Indianapolis, IN - August 1, 2011
A new competitor from across the pond has entered the US music market. It's called Spotify (www.spotify.com) and it's billed as the "largest and fastest growing service of its kind." Which may be true, in a technical sense. Spotify has enjoyed considerable success in the European market and they have employed a brilliant (though perhaps overblown) strategy to enter the US.
Taking advantage of our basic desire to be part of the insider crowd, Spotify has launched here on an 'invitation-only' basis. The strategy has worked well in the past, essentially creating the mystique that something new is rare and therefore worth having, which helps to elevate demand. Google did this with GMail several years ago and again with their new social networking platform, Google +. The marketing team at Spotify no doubt took note of this success and wondered how they might improve the strategy. Which is where they missed the mark.
Instead of rolling out slowly, Spotify seems to have struck deals with anyone with a pulse to offer "exclusive" invitations to join the service. Coke, Klout, Chevrolet, and Motorola, all sent me offers for a free account. With all of these invites floating around, it seems to have lost some of it's exclusive panache, but that hasn't really stopped people from creating accounts and checking it out. It should be noted that Spotify has three different account levels, Free, Unlimited, and Premium. All of the invitations (at least those that I'm aware of) are for a free account.
So, marketing snafu (or genius ploy) aside, what is Spotify, how is it different, and should you care? The answer, as with most of these new services, varies a little depending on who you are and how you might use it.
The cool thing about Spotify is that your account will let you tune in and listen to "any song, anywhere, any time." The service claims to have access to 15 million songs, all available to listen to on your computer. You can also import the MP3s you already own, but it seems like they should already be included in the 15 million, wouldn't you say? As I mentioned, Spotify has had some success in the United Kingdom. Over there, the free account has some limitations: Ads play during your time streaming, and you're limited to how much time you can spend on the service. Initially, (to get you hooked, I presume) you get 20 hours of streaming for free and then it lowers to 5 hours a week. After six months, the weekly allocation drops again to 2.5 hours. Also, each song (unless you have the MP3 loaded from your own library) can only be streamed 5 times. Bump up against any of these barriers and the service prompts you to upgrade to one of the paid versions. It's unclear whether these limitations also apply to the American service, but I would expect they would; if not initially, then at some point in the future.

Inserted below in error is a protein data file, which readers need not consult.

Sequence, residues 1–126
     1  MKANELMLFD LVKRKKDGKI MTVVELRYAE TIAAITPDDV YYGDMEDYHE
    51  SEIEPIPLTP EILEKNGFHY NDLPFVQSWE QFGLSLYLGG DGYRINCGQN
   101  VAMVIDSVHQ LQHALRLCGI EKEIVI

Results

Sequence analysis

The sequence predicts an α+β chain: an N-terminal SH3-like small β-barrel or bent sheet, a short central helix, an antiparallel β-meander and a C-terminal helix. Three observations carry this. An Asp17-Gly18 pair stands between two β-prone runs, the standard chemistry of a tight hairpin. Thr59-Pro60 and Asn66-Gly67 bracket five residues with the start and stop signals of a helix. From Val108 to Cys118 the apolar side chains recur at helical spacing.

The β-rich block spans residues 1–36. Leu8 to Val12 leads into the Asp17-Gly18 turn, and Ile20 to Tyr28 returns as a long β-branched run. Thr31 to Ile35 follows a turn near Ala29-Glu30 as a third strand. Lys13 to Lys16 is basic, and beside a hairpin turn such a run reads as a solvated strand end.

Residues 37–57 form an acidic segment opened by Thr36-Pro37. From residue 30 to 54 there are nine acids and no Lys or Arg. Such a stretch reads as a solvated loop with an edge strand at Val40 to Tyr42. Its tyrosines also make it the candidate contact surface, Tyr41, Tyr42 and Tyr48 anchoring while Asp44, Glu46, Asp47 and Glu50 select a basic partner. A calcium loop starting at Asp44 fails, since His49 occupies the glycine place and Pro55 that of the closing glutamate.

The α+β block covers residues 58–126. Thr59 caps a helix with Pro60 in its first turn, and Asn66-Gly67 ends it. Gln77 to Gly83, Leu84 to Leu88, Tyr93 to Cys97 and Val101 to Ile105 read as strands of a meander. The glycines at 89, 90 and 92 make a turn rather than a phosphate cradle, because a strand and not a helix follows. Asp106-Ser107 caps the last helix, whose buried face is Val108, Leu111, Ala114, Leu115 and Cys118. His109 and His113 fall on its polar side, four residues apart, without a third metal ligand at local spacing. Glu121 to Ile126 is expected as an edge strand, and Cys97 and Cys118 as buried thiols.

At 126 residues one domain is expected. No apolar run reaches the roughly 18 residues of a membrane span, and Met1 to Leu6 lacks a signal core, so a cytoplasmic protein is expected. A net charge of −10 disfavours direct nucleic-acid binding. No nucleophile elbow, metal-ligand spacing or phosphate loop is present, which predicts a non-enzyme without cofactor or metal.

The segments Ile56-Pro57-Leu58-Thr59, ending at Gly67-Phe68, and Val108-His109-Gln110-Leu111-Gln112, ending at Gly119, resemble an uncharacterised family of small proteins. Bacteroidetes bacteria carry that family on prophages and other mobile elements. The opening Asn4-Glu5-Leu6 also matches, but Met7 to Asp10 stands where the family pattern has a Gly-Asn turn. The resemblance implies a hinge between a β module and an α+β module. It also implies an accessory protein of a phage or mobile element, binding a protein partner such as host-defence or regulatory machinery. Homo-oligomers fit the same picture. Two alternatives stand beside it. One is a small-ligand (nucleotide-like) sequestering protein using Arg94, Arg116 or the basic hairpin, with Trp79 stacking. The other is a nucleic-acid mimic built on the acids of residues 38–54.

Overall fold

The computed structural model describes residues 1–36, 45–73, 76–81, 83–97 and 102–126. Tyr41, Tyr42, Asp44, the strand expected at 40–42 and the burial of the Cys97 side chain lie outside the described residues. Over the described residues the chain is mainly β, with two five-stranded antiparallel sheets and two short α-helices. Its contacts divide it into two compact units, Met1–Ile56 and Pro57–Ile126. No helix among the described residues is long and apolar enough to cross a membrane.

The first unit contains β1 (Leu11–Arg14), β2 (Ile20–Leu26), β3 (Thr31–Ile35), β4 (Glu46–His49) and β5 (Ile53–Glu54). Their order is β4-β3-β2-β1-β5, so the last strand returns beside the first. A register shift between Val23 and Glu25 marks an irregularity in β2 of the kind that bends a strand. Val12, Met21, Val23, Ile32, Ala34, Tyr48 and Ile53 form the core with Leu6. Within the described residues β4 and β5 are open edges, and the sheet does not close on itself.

In addition to the Free account, the service offers two paid plans, Unlimited ($4.99/month) and Premium ($9.99/month). With both of the paid versions, the advertising is eliminated. The Premium version takes things a step further by enabling you to move the music from your desktop computer to your mobile devices. It also provides an "offline" mode for both the mobile and desktop applications that allows you to play select playlists without an internet connection. The offline mode is a nice touch, and could be a differentiator for the service. In a sense, it allows you to "own" as many songs as you like, as long as you're a paid subscriber.
All accounts have social media integrated at the core and operate under the premise that music is meant to be shared. It's simple to send a link or playlist to your friends (either individually or as a group through Facebook or Twitter) and they can listen instantly. Spotify claims that this social integration is a great way to discover new music, but that claim falls a little short for me. Yes, I can search for and listen to any number of 15 million songs, but I have to know what I'm looking for. The "discovery" process is really limited to finding things that my friends like or share, which doesn't seem either as compatible or as powerful as Pandora's use of the Human Genome Project, where each song I like helps the system automatically play other songs I'm likely to like. (For more on this, see my previous article about Pandora here:)
From a usability perspective, the desktop version has a similar look and feel to Apple's iTunes, so it's instantly recognizable and easy to use. Overall, I think Spotify will make a big splash, if for no other reason that it will get to ride for awhile and the "latest and greatest" train. There are other competitors already in the market, however, including Rhapsody (www.rhapsody.com), Grooveshark (www.grooveshark.com), and my continued favorite, Pandora (www.pandora.com), most of whom already have a loyal user base and similar features.
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